Tag Archives: Pale Waves

Taken from this week’s Future Pop mailer. Click here to subscribe. All my Songs of the Week are featured on my Top of the Poptastic playlist, along with the rest of my faves from the year so far.

I wasn’t totally convinced by Pale Waves when I wrote about them a few weeks ago, but it only took one listen to their new single The Tide to win me over. If they are the female-fronted version of The 1975, then this is their The Sound. The jolly tune even reminds me of Alphabeat at their indie-pop peak. It was originally shared on Soundcloud as a demo back in 2015, and re-emerged a few days ago as the first release since Pale Waves came fifth in the BBC Sound of 2018 poll. The Tide had to fight off some strong contenders for the title of Song of the Week. Last week’s New Music Friday was one of the best yet, with not just the usual faves like Churches and Tove Styrke, but many little-known artists coming up with poptastic treats. You can hear my highlights at the top of my Top of the Poptastic 2018 playlist.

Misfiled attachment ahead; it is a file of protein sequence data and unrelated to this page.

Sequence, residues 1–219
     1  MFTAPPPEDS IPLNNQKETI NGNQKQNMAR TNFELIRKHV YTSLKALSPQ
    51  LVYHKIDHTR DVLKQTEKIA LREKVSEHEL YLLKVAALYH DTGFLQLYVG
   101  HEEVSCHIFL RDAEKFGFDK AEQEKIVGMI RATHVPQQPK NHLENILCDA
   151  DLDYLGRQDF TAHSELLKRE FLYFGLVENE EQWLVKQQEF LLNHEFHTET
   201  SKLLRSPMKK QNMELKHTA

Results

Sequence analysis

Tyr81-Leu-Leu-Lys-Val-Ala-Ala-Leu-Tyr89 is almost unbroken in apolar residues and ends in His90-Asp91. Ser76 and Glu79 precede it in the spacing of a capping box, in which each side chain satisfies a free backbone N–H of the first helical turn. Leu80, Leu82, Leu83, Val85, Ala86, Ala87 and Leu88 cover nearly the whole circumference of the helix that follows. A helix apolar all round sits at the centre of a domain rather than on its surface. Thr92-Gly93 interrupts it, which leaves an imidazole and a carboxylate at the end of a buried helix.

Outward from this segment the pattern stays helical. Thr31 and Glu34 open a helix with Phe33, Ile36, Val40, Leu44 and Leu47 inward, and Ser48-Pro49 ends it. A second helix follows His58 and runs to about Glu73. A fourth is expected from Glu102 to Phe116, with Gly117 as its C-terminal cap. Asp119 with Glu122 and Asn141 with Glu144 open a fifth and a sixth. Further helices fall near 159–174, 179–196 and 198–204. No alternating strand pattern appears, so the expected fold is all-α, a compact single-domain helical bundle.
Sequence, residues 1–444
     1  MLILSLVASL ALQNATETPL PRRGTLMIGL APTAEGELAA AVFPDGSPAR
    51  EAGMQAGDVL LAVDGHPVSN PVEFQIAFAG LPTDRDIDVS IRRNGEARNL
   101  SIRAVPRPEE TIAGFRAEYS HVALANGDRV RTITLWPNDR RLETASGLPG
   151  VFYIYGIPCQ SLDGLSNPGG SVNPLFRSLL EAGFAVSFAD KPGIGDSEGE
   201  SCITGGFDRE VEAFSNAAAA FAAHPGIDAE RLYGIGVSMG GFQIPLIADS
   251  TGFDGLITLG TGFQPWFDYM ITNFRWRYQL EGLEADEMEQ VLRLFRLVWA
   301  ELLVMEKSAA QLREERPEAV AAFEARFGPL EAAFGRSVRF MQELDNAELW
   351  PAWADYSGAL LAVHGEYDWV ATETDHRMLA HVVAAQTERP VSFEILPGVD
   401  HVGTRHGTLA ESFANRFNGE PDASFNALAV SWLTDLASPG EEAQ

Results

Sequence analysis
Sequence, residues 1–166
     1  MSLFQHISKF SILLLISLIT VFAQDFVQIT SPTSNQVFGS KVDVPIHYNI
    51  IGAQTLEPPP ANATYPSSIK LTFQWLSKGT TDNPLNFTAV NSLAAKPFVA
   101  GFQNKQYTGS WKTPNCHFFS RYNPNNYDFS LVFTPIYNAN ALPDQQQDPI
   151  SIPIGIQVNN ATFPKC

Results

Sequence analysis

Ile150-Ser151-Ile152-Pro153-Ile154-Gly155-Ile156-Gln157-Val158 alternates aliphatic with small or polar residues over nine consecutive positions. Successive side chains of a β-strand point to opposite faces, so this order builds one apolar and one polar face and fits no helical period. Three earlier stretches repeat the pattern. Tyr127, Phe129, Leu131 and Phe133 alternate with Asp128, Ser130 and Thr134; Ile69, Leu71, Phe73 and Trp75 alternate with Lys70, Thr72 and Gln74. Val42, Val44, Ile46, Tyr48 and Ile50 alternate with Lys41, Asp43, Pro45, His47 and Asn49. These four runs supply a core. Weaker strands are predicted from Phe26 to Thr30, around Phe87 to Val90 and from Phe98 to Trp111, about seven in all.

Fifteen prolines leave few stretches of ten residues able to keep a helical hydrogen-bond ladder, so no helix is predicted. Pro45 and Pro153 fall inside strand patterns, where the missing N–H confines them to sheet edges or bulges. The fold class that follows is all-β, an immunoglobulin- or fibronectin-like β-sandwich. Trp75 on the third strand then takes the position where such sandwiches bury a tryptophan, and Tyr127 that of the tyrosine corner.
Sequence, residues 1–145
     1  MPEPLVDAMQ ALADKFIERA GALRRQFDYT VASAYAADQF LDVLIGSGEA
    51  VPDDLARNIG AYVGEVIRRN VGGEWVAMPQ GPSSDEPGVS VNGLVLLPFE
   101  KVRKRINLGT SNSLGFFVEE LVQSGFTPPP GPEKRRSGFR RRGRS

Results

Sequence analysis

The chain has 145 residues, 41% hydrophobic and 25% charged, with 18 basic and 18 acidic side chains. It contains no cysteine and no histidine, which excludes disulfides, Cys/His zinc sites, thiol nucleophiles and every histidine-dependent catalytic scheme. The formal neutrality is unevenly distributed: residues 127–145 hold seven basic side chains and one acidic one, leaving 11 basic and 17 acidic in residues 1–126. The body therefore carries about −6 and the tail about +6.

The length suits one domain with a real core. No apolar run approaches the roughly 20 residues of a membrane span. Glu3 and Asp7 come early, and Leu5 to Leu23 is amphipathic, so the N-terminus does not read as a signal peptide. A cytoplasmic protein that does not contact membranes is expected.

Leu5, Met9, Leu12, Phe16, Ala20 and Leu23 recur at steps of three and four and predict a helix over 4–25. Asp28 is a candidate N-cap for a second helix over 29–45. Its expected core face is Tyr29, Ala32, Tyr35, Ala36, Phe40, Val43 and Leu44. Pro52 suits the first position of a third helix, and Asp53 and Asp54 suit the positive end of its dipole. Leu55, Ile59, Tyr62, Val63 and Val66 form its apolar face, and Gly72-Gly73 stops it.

Taken from this week’s Future Pop mailer. Click here to subscribe.

With today’s cool kids listening to grime, alt-R&B and whatever’s the latest trend in electronic music, not many indie acts have managed to win a young fanbase in the past few years. However, independent label Dirty Hit have done it twice, with The 1975 and Wolf Alice. The indie music scene seems to be pinning their hopes on their labelmates Pale Waves to follow in their footsteps. They were the only British band to make the BBC Sound of 2018 list, and appear on the cover of both DIY and Dork’s Class of 2018 issues. The group started out as a girl duo, before adding two boys to make up the numbers. I appreciate the ’80s teen goth look and broad Mancunian accents, and some of their tracks are quite catchy, but I feel musically they have been influenced a little too much by The 1975, who they’ve toured and collaborated with in various ways. Their biggest single Television Romance just sounds like a 1975 song with a female vocal. Personally I’d like to hear their ’80s references coming through more directly, rather than filtered via current sounds. However, Dirty Hit have shown they can make indie music relevant to a post-subcultural generation, so let’s see if they can do it again.